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US military: China is trying to steal our computer, night vision and aerospace technology

F-16 fighter plane
AP Photo/Toby Talbot
FILE – In this Monday, Dec. 17, 2012 photo, Master Sgt. Andrew Ehlers does repairs on an F-16 fighter plane in South Burlington, Vt. The…
ChinaPublished This article is more than 2 years old.

The good news out of today’s annual US Defense Department report on China is that the People’s Liberation Army is partnering up on joint military exercises with the US as never before, including on some humanitarian missions.

The bad news is that despite this veneer of collegiality, China continues to engage in a massive, and often successful, effort to steal US military technology and know-how through sophisticated espionage and cyber-intrusion efforts, according to the DoD.

Some top targets: engines for aircraft and tanks, solid-state electronics and micro-processors, guidance and control systems, and “enabling technologies such as cutting-edge precision machine tools, advanced diagnostic and forensic equipment, and computer-assisted design, manufacturing and engineering.”

Here are a few more: “Advanced aviation and aerospace (hot section technologies [such as engines], avionics and flight controls), source code, traveling wave tubes, night vision devices, monolithic microwave integrated circuits, and information and cyber technologies.”

How China achieves this is less clear. Most likely, there is much more detail on that in the classified version of the 92-page report that is given to select members of Congress with the security clearances high enough to see it.

But the public version report drops some hints.

“The Chinese utilize a large, well-organized network to facilitate collection of sensitive information and export-controlled technology from US defense sources,” it says.

How? In part by creating innocuous-looking companies and research institutes that reach out to US companies, researchers and universities under the guise of civilian cooperation, only to steal their technology and experts for use by the PLA. It happens frequently at technology conferences and symposia, through legitimate contracts and joint commercial ventures, and partnerships with foreign firms and joint development of specific technologies.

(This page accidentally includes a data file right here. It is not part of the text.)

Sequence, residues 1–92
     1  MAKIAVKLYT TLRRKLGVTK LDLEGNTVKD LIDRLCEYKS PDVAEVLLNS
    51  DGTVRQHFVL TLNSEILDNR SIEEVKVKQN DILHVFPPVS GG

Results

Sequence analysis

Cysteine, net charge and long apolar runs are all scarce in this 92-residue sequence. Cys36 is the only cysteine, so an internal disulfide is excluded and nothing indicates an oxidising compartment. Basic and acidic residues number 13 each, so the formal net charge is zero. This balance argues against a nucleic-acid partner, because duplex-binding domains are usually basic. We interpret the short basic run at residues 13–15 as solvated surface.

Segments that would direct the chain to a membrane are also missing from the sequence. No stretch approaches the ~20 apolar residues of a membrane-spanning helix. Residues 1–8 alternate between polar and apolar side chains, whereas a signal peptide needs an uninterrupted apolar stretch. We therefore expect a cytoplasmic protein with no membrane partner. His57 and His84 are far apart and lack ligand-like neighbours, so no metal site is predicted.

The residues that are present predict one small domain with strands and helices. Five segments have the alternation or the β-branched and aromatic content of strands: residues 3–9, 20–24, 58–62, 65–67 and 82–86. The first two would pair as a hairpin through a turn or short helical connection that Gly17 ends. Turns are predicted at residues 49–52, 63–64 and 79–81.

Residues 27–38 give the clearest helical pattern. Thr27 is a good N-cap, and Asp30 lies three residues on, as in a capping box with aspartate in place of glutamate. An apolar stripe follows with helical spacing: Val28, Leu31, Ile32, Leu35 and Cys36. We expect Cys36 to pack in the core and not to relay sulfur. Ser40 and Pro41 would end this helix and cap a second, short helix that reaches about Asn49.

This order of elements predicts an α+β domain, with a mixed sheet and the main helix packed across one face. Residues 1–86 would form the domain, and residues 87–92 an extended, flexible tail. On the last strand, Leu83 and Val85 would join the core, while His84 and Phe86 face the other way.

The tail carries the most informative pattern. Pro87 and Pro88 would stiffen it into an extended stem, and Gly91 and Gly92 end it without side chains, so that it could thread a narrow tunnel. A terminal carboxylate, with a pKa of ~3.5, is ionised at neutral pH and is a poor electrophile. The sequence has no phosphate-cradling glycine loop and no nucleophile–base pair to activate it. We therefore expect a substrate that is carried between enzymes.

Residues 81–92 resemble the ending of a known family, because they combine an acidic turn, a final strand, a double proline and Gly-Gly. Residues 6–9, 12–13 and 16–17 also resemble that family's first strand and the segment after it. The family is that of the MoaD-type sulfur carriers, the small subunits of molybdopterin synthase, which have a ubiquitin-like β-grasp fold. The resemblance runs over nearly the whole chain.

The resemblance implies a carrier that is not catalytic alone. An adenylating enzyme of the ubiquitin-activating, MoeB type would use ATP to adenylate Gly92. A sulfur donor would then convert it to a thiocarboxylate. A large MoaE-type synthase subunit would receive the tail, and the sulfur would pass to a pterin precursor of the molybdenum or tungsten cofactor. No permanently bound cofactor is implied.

“In the case of key national security technologies, controlled equipment, and other materials not readily obtainable through commercial means or academia, China has utilized its intelligence services and employed other illicit approaches that involve violations of US laws and export controls,” the report says.

Some examples, as cited by the report:

—In September 2012, Sixing Liu, aka “Steve Liu,” was convicted of violating the US Arms Export Control Act and the International Traffic in Arms Regulations (ITAR) and possessing stolen trade secrets. Liu, a Chinese citizen, returned to China with electronic files containing details on the performance and design of guidance systems for missiles, rockets, target locators, and unmanned aerial vehicles. Liu developed critical military technology for a US defense contractor and stole the documents to position himself for employment in China.

—In March 2012, Hui Sheng Shen and Huan Ling Chang, both from Taiwan, were charged with conspiracy to violate the US Arms Export Control Act after allegedly intending to acquire and pass sensitive US defense technology to China. The pair planned to photograph the technology, delete the images, bring the memory cards back to China, and have a Chinese contact recover the images.

China’s espionage activities aren’t surprising, according to US military strategy experts including David Tretler, a professor of strategy at the National War College and retired Air Force colonel and fighter pilot. They’re “a necessity for them because our technology is better than theirs,” Tretler says.

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